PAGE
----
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Old 01-25-2011, 03:48 PM   #51
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2004
996GT3
Autobahn Country Club
Left side fitting blew. Part replaced by dealer and then blew a 2d time. Different dealer used stronger epoxy
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Old 01-25-2011, 04:26 PM   #52
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Quote:
Originally Posted by rlightfine View Post
2004
996GT3
Autobahn Country Club
Left side fitting blew. Part replaced by dealer and then blew a 2d time. Different dealer used stronger epoxy
So are you saying that they really did not replace the part but simply re-epoxied both times, but using a stronger epoxy the second time (at diff dealer)?
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Old 01-25-2011, 06:02 PM   #53
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a new part was ordered from Germany and installed. 2 weeks after the installation while tracking at Autobahn the replaced fitting blew out. It is very apparent to me the design of these press fittings is faulty. The dealership that corrected the problem the second time used a much stronger epoxy than what porsche uses at the factory and it appears to have worked. The car has been tracked 4 times since the second repair with no failure. Fingers crossed; welding is probably the best solution though I have been told the weld can crack because one material is aluminium and the other steel so they expand and contract differently.
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Old 01-25-2011, 11:23 PM   #54
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I'm a very new GT3RS owner and can't believe what I am reading about what appears to me to be a major and obviously dangerous design defect.

Does anyone else see the elephant in the room here.... as it seems abundantly evident that manufacturer hasn't yet??
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Old 01-25-2011, 11:43 PM   #55
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Quote:
Originally Posted by cannon1000 View Post
Year: 2002
Model: 996TT
Mileage: 70000
Circumstances surrounding failure: New Radiator. Easy driving - 10 miles after replacement
Specific Coupling: Overflow connection, Dr. Side Radiator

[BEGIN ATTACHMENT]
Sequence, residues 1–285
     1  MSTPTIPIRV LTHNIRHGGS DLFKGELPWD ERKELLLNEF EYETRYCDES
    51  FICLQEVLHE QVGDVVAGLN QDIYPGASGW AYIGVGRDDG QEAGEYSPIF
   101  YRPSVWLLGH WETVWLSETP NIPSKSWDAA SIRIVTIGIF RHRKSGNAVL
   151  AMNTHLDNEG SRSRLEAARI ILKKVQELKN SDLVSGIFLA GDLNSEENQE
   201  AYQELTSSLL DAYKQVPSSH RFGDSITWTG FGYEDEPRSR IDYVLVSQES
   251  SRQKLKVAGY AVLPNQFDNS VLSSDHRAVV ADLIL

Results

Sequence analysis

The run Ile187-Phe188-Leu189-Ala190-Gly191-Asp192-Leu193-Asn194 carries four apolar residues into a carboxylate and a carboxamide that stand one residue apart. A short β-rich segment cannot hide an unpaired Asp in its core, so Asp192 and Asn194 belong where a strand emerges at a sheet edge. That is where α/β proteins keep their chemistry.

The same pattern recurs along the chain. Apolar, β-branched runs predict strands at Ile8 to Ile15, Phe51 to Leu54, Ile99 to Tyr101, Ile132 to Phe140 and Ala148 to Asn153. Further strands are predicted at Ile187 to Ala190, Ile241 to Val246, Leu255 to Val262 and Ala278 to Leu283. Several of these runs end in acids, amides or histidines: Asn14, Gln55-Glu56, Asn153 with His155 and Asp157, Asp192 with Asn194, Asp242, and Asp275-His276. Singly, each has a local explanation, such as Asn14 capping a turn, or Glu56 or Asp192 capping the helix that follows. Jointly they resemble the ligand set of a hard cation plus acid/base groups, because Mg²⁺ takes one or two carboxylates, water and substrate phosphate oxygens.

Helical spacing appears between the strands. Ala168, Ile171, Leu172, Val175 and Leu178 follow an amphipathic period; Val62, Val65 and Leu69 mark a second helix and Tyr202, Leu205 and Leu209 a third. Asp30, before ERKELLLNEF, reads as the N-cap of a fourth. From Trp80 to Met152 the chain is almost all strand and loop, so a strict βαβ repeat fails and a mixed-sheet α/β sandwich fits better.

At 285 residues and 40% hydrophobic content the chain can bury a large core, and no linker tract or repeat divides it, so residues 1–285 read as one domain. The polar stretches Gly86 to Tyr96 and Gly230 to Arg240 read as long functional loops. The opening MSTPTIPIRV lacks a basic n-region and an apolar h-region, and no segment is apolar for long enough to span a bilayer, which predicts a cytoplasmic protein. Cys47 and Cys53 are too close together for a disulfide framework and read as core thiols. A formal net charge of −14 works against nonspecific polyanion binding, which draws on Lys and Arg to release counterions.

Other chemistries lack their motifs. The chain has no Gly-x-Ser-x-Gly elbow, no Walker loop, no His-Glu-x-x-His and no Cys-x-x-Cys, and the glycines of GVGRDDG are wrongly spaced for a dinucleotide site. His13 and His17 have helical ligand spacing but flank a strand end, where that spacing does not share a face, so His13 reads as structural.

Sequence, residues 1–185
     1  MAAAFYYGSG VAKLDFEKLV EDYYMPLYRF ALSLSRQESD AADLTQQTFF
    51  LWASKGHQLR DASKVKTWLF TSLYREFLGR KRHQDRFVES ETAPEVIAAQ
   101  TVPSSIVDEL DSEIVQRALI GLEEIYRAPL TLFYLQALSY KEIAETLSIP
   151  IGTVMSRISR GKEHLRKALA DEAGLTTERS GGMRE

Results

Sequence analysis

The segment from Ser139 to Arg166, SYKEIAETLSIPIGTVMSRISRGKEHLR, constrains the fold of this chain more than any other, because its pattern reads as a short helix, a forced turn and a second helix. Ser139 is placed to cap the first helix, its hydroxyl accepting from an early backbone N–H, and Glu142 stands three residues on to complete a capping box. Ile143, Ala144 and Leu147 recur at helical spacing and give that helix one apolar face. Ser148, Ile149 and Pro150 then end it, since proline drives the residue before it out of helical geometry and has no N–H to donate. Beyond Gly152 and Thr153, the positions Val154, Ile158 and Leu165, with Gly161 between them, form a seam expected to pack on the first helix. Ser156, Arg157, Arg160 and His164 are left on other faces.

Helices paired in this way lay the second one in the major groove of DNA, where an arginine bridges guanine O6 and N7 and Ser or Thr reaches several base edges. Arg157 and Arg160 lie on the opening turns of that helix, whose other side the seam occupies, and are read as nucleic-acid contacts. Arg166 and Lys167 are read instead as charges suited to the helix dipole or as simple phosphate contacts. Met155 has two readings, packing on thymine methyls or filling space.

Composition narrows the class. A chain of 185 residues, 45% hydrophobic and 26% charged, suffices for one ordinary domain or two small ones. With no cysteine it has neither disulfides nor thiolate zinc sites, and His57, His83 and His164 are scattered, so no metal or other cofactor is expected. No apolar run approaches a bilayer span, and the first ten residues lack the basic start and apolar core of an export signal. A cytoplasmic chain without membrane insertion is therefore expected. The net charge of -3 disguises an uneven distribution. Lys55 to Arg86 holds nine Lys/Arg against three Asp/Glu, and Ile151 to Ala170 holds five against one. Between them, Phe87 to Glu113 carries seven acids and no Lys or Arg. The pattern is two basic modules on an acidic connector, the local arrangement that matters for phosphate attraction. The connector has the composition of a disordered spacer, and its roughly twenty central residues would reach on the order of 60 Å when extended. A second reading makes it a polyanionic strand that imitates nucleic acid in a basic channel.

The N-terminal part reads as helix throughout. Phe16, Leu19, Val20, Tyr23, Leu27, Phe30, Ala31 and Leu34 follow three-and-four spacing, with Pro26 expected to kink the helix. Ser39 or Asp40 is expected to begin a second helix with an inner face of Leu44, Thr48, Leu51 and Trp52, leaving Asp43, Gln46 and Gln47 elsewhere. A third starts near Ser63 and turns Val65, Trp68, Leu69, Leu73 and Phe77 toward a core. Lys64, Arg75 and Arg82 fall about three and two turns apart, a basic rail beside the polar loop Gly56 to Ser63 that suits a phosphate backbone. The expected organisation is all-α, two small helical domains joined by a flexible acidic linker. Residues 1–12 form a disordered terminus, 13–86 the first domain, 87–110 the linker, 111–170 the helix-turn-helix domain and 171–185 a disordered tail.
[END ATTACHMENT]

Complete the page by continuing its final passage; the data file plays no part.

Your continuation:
Repair Solution: TBD - Appears it may be radiator side coupling not to spec diameter.
So yours happened on the front of the car, correct? If so, that's a different issue than the coolant manifolds (which have the glued fittings) that are on top of the motor.
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Old 01-26-2011, 01:23 AM   #56
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hmmm- never an issue with my previous 996 GT3 luckily , but I did have a coolant hose blow on my spec Miata racecar once during a race- never spun so fast without warning in my life!! Luckily no one hit me but with smoke pouring out of the engine compartment I got out of that car as fast I as I could as I thought it was on fire!! Found out it is NOT easy with HANS etc etc etc...
In the market for a used 997 GT3, anything you can see in the engine compartment to check for potential problems??
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Old 01-26-2011, 06:34 PM   #57
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That's why air-cooled cars is the safest way.
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Old 01-27-2011, 12:44 AM   #58
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Quote:
Originally Posted by PAULUNM View Post
So yours happened on the front of the car, correct? If so, that's a different issue than the coolant manifolds (which have the glued fittings) that are on top of the motor.
Wasn't sure what connections you were referring to. Post deleted.
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Old 01-27-2011, 04:00 AM   #59
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2004
happened to friend's GT3 (original owner)
first time at a few thousand kms; second and third time within ~10-15,000 kms.
Circumstances surrounding failure: Normal road use (never tracked)
Specific coupling: Not sure.
Repair Solution: Engine out 3 times, connections glued back in place each time, all under warranty.
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Old 01-27-2011, 10:33 AM   #60
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Quote:
Originally Posted by Kolbjorn S View Post
2004
Repair Solution: Engine out 3 times, connections glued back in place each time, all under warranty.
One of the accepted definitions of insanity: Doing the same things over and over again but expecting a different outcome.

Wonder what the thinking is at Porsche...